A 1,500 MW Mphanda Nkuwa hydroelectric dam is set to be built by Électricité de France (EDF) led consortium. The consortium is made up of the French groups TotalEnergies and Électricité de France (EDF). Other stakeholders in the consortium include the Japanese companies Sumitomo Corporation and Kansai Electric Power.
The objectives of this consortium are the result of an evaluation of technical, economic and financial proposals validated by the committee. The committee comprises Electricidade de Moçambique (EDM), Hidroeléctrica de Cahora Bassa (HCB), and the Ministry of Economy and Finance.
The committee is spearheaded by the Ministry of Land and Environment, the Ministry of Labour, Employment and Social Security, and the Bank of Mozambique.
The EDF-led consortium was tasked by Mozambican authorities to execute the project which will require an investment of 4.5 billion dollars.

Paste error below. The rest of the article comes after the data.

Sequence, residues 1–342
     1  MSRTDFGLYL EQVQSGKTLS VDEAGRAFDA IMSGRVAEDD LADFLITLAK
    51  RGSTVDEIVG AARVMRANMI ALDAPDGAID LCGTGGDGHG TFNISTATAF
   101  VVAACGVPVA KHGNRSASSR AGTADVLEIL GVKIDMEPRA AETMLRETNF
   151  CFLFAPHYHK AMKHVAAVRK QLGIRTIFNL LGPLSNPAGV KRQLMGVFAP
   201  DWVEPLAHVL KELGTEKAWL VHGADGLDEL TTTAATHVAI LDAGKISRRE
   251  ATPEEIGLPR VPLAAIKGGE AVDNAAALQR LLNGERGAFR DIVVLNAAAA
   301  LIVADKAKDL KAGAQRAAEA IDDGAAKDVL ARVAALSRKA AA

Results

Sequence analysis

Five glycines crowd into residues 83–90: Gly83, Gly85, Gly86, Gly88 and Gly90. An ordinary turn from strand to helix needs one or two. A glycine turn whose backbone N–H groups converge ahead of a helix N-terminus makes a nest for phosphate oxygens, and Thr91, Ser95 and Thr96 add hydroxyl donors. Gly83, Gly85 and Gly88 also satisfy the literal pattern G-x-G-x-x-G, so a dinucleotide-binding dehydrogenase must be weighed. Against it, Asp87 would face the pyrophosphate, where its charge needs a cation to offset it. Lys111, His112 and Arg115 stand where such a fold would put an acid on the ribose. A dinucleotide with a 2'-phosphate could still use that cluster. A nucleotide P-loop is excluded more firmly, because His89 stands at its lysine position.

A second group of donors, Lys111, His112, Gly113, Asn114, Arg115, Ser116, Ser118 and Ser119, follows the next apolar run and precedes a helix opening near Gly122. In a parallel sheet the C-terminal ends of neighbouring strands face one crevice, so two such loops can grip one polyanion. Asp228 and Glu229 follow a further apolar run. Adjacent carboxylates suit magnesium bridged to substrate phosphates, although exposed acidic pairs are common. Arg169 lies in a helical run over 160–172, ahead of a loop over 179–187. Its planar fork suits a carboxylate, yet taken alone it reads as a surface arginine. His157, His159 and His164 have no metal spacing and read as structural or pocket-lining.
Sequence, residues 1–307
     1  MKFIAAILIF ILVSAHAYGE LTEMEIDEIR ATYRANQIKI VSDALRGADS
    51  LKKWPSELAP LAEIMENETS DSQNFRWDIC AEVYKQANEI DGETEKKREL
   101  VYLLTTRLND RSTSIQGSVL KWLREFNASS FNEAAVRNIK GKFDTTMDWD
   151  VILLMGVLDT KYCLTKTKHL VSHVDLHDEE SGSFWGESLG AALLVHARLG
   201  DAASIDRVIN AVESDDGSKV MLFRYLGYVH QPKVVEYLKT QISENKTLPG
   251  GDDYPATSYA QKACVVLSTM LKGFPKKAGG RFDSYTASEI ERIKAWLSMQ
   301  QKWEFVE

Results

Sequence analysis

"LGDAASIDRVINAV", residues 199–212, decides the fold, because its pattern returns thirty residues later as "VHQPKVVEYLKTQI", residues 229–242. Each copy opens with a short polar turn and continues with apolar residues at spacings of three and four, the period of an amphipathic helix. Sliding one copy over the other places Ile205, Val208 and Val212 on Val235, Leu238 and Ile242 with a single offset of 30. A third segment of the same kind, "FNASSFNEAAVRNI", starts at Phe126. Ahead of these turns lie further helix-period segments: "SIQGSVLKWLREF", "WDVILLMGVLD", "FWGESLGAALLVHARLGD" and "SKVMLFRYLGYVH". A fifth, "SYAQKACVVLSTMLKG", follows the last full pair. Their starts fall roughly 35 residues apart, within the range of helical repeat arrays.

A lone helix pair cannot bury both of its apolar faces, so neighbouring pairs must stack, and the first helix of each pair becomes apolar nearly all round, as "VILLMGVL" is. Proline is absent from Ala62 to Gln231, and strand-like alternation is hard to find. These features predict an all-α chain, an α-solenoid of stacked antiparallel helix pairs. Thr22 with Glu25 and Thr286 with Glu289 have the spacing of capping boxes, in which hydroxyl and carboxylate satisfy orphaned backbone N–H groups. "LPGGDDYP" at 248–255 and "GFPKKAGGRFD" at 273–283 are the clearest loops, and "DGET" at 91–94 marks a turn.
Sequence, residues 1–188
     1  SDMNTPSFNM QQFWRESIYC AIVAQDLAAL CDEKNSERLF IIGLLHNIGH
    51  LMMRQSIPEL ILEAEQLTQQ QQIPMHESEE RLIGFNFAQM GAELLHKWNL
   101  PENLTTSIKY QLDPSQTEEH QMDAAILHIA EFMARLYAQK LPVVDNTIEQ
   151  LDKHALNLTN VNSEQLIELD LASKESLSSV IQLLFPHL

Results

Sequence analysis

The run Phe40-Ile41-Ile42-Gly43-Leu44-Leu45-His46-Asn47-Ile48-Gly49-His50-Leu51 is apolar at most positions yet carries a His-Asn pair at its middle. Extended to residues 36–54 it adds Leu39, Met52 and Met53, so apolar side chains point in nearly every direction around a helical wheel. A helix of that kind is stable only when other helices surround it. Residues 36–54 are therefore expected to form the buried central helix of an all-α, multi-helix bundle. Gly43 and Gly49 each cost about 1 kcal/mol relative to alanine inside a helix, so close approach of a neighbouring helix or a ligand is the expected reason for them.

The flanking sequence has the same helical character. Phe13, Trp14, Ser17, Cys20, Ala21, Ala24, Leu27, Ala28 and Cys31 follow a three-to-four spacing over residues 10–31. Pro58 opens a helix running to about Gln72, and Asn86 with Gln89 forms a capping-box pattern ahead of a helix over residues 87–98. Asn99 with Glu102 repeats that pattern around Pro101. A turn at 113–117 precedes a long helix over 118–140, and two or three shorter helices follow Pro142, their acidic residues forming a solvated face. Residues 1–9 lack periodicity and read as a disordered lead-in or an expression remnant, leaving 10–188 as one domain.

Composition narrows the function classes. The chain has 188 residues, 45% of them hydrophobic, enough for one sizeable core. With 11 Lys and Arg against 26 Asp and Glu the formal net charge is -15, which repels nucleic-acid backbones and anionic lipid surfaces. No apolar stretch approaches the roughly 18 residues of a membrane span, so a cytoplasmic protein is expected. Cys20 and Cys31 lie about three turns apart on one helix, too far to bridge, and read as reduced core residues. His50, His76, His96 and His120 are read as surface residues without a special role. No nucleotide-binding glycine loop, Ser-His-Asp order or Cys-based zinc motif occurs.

Although contested for its environmental and social impact, the project is supported by the African Development Bank (AfDB). Additionally, the International Finance Corporation (IFC), the private sector financing arm of the World Bank Group will support the project.
Maputo hopes to start work in 2024.
Mphanda Nkuwa hydropower project overview
Mphanda Nkuwa Hydropower Project is a proposed 1,500 megawatts run-of-the-river hydroelectric facility set for development on the Zambezi River, in the Tete province of Mozambique.
The project scope includes the construction of a dam, powerhouse, inlet, and outlet tunnel infrastructure, installation of turbines, and laying of transmission lines. The dam will be located approximately 60 kilometres downstream of the existing Cahora Bassa Dam near the city of Tete with its left bank on the Chiuta district side and the right bank on the Changara district side.